The spreadsheet mentions other trim pieces needing mending. The passenger’s Welcome Plate—the plastic thing inboard of the base of the door jamb (see above)—got swapped at ~189,000 miles, and the center console sliding door clip that keeps the lid from sliding when it’s open had to be re-secured at around 236k. Plus, at ~288,000 miles, the “bracket inserts” for the glovebox had to be taken care of after the lid started coming unhinged when open and becoming difficult to close.
I don’t know the exact nature of the repair, or what “bracket inserts” are, but I did find a similar-appearing issue on YouTube (see above) that resulted from broken plastic hinges.
Other trim-related items include, at 317,000 miles, something labeled “Primary seal FR LH -MX.” That, per Sonnad, is a door seal that was apparently deteriorating. Also mentioned at 302,000 miles is an issue where the HVAC vent on the driver’s side second row was providing poor airflow. To mend this, technicians readjusted some ducting that they’d found twisted.
There’s a $232 line item in Tesloop’s spreadsheet labeled “Replaced 2nd row left & right side catcher bracket.” That, according to the diagram above that I found on Russian Tesla parts website Electromobili, appears to be some sort of flat bracket that I assume mounts to the floor. The service record states that the fix was meant to addressed the concern: “2nd row seat are noisy when adjusting.”
That’s not all. There’s also a hefty $5,000+ bill at 236,000 miles labeled “Replaced both middle row seats.” Apparently, mechanisms that allow the seats to slide fore-aft and lean forward and backward can be a problem on Teslas, though Sonnad said the tilt issue is the worse of the two. “We’ve had a few different seat issues,” he told me. “The mechanical parts below them... from moving them back and forth and leaning them...when you would do that sort of motion, it started to get really bad,” he said, saying the mechanisms made a cracking noise, and that this was also a problem on the Model S. “The newer cars, we have not had that issue,” he told me.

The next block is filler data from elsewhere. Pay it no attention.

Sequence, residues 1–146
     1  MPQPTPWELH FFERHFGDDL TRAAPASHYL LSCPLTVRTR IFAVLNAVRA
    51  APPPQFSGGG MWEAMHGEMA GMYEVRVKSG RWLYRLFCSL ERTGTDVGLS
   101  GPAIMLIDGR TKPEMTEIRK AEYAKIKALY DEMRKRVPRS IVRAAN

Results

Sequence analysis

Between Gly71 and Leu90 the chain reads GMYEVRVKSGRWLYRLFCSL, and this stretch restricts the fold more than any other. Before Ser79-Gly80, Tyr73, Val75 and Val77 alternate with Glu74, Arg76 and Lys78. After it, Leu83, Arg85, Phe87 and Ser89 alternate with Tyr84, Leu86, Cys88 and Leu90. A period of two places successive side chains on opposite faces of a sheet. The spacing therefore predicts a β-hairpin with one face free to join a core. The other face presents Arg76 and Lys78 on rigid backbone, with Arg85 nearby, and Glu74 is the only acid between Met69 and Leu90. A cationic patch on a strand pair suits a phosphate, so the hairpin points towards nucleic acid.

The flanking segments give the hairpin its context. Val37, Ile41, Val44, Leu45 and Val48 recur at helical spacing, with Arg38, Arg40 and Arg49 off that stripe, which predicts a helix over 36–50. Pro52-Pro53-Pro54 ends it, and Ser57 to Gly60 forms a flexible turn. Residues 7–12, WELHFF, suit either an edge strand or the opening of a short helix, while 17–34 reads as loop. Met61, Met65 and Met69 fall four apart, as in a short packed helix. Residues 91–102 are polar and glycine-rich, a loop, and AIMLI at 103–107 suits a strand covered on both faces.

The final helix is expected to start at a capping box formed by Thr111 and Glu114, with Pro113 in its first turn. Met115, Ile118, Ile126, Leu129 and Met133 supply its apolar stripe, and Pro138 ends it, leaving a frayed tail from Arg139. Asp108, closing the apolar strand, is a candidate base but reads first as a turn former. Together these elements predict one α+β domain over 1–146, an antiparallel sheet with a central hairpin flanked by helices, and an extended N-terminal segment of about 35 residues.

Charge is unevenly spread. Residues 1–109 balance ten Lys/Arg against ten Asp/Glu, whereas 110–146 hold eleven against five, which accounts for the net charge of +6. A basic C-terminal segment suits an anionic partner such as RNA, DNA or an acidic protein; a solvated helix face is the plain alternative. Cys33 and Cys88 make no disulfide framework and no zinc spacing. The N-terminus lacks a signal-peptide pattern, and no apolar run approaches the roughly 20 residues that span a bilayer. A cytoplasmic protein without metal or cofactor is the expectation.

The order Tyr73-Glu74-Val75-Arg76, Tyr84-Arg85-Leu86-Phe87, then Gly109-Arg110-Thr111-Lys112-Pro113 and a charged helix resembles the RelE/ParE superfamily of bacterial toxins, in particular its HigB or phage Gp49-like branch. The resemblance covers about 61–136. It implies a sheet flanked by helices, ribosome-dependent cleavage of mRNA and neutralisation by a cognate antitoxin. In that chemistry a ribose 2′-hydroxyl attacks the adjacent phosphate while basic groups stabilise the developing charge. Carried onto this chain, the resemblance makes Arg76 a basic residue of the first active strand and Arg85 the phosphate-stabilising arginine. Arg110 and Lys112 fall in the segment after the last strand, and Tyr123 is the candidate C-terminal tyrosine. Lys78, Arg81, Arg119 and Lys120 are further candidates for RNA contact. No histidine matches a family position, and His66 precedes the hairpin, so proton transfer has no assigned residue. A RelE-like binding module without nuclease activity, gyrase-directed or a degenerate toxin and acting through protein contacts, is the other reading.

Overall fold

Other Tesla owners have taken to the interwebs to complain about such seat noises, so apparently this is not an uncommon problem.
What I find cool is the fact that it appears that the first time this Model X’s brake pads and rotors were replaced was at 166,000 miles. Compared to an ICE car, that seems like a lot of miles, even if much of the Tesla’s driving was on the highway. You can thank regenerative braking for this—instead of brake pads slowing the vehicle down through friction, it’s the motors acting as generators that steal the Tesla’s kinetic energy.
“If you’re running...standard regen on highway driving, [brakes] can last a long time...and we would train drivers to do as little braking as possible,” Sonnad told me. “I think we had a car on its original brakes at like 300 [thousand miles] or something.” Aside from the front pad/rotor change at 166,000 miles, the spreadsheet shows a brake check at 288,000 miles (the pads had 5 mm left, per the document), and then all four pads and rotors got swapped at 389,000 miles.
In addition to the brake job, the 166,000 mile marker also gifted the Model X a new axle (above is an image of one for sale by Pacific Motors) and rear left wheel bearing. The bearing isn’t surprising (those wear out on all cars), though the “broken axle” sort of is. I asked Sonnad about it, and he told me he can’t remember what happened.
“I don’t recall there ever being any incidents where suspension parts were broken during operation, requiring the car to be towed for replacement,” he told me. “It was always, I believe, drivable,” he continued, saying he assumes this “broken axle” wasn’t catastrophic, but rather in the category of minor damage that still required replacement.
Looking at the invoice, it appears that technicians replaced both the left and right halfshafts. Along with the front brake pads and rotors, as well as the wheel bearing, the total for the job came to nearly $2,400.
According to the invoice, the job was a response to a complaint about a vibration while driving. A quick internet search reveals that shudders resulting from half-shaft issues are relatively common on Teslas, though they usually happen under acceleration and when the vehicle’s ride height is adjusted to a high setting (since that increases the axle’s CV joint angle), as pointed out in a Reddit thread on the topic. I’ll quote the user Derfein, who discusses the problem: